The Mermaid of Black Conch has been making waves on the prize circuit. It won the Costa Book of the Year in 2020 and was shortlisted for the Goldsmiths Prize that same year. Three months into 2021, the novel also found a place on the shortlists of both the Folio Rathbones Prize and the Republic of Consciousness Prize for Small Presses. These achievements are pretty remarkable for a book that at one point was almost not published.

The Mermaid of Black Conch is a lovely, bittersweet, fable-like story with a mermaid at its centre, encompassing weighty themes of womanhood, desire, slavery, animal rights, and our attitude towards outsiders.

The tale is set in April 1976 in St Constance, a tiny village on the Caribbean island of Black Conch. Our protagonist is Aycayia, a beautiful young woman who has been cursed by jealous wives to live her life as a mermaid and she has been swimming in the Black Conch waters for many centuries now.

One day, while strumming his guitar on one part of the coast, a young fisherman called David spots Aycayia rising above the water, staring intently at him. David is entranced by her, by how exotic she is. Subsequent attempts to glimpse her turn futile, and then after many days he spots her again. Clearly, he is bowled over by her and Aycayia, in turn, is mesmerized by David’s singing.

But then things take a turn for the worse when a couple of American fishermen arrive at the village to participate in a fishing competition. Thomas Clayson is hoping that this expedition will enable some bonding between him and his son Hank, who he thinks spends too much time reading. He wants to enforce in his son, his twisted ideas of masculinity. Enlisting some locals as their crew, the Claysons embark on their fishing trip and manage to entrap Aycayia, who is unwittingly lured towards their ship by David. Aycayia struggles for several hours, but is ultimately defeated…the Americans capture, gag and bind her and take her onshore. As the revelry and celebrations begin full swing at the village inn, David stealthily tiptoes towards where she’s held hostage and rescues her.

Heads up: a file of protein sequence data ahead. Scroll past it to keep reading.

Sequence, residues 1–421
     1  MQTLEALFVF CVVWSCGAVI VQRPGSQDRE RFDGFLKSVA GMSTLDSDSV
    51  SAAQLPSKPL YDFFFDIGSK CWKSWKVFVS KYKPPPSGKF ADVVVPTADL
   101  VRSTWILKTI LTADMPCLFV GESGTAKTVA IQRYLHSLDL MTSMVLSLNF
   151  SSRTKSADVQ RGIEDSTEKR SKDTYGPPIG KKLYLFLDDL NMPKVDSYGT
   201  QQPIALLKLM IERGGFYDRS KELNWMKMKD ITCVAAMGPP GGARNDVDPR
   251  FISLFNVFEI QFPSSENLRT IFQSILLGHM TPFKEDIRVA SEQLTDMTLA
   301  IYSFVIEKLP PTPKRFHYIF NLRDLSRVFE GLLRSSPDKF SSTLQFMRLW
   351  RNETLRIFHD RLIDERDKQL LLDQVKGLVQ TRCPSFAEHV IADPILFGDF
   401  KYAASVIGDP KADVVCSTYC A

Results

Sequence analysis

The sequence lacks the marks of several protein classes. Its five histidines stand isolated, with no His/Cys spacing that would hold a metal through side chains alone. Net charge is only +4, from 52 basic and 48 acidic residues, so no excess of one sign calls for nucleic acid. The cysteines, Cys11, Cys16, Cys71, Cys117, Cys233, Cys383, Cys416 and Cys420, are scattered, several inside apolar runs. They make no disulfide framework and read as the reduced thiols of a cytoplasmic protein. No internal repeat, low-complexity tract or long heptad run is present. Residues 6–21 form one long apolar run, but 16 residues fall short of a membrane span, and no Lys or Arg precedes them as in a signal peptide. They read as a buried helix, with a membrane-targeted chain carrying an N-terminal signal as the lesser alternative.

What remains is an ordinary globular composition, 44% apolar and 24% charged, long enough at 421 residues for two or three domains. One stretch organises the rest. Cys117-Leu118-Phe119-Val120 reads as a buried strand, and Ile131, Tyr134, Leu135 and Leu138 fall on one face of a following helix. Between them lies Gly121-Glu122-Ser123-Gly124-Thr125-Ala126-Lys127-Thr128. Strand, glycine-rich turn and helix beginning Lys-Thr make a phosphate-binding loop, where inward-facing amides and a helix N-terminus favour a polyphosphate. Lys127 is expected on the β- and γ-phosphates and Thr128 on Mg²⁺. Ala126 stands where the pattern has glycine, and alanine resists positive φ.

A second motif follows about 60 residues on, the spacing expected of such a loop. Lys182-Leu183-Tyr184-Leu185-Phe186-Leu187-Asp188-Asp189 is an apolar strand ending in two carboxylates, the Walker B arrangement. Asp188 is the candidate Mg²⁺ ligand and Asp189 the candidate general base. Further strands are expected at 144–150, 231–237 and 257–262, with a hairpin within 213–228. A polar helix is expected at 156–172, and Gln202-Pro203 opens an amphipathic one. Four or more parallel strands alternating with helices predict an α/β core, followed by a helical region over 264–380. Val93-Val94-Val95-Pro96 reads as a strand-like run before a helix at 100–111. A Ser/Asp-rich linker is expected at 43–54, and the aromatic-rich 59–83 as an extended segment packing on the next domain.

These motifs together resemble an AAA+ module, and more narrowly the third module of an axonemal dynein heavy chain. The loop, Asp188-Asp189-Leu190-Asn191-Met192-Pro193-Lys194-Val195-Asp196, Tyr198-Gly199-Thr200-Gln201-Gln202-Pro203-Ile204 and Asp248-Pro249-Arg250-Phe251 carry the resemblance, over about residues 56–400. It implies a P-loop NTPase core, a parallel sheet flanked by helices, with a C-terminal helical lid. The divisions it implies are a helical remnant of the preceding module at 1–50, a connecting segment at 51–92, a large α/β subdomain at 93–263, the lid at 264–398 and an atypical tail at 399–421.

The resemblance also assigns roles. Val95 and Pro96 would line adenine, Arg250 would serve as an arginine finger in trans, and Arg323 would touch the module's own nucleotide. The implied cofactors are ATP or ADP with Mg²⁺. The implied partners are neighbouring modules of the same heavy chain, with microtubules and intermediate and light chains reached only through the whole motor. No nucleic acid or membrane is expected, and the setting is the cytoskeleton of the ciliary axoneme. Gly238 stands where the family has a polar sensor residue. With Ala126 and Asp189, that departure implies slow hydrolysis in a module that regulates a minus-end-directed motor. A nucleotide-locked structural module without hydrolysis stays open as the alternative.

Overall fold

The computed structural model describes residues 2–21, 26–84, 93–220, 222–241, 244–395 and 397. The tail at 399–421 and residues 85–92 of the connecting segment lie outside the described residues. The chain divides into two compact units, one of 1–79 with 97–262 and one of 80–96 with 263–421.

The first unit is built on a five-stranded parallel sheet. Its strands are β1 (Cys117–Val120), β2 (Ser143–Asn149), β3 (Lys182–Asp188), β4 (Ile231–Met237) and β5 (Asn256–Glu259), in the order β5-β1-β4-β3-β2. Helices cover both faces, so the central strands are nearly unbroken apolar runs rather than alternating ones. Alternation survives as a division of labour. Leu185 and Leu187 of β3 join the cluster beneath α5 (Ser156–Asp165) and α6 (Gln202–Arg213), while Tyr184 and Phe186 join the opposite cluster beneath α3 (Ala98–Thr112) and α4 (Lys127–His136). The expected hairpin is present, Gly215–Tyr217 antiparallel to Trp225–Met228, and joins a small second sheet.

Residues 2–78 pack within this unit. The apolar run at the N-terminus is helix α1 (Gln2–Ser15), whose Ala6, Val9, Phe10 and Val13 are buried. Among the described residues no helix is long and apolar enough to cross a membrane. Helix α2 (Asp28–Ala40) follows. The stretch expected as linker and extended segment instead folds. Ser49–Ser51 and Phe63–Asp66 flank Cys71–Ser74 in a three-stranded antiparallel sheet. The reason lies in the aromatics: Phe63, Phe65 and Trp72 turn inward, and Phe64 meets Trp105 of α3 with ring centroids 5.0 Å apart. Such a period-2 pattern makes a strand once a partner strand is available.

He takes her home. From thereon, not only does he start taking care of her with great tenderness, but Aycayia also begins her transformation back to a woman. She loses her mermaid tail, her fins and scales, and must now learn to walk and talk the language of the island.

Zoom to another section, and we are introduced to the character of Arcadia Rain, a white woman and a landlady who owns practically much of the Black Conch island. Arcadia lives alone in a mansion atop a hill with her deaf son. Her partner, a black man called Life, abandons her while pregnant, because he can’t stand being ‘owned’ by a white woman and craves to make a name for himself in the art world. Arcadia hates him and yearns for him at the same time.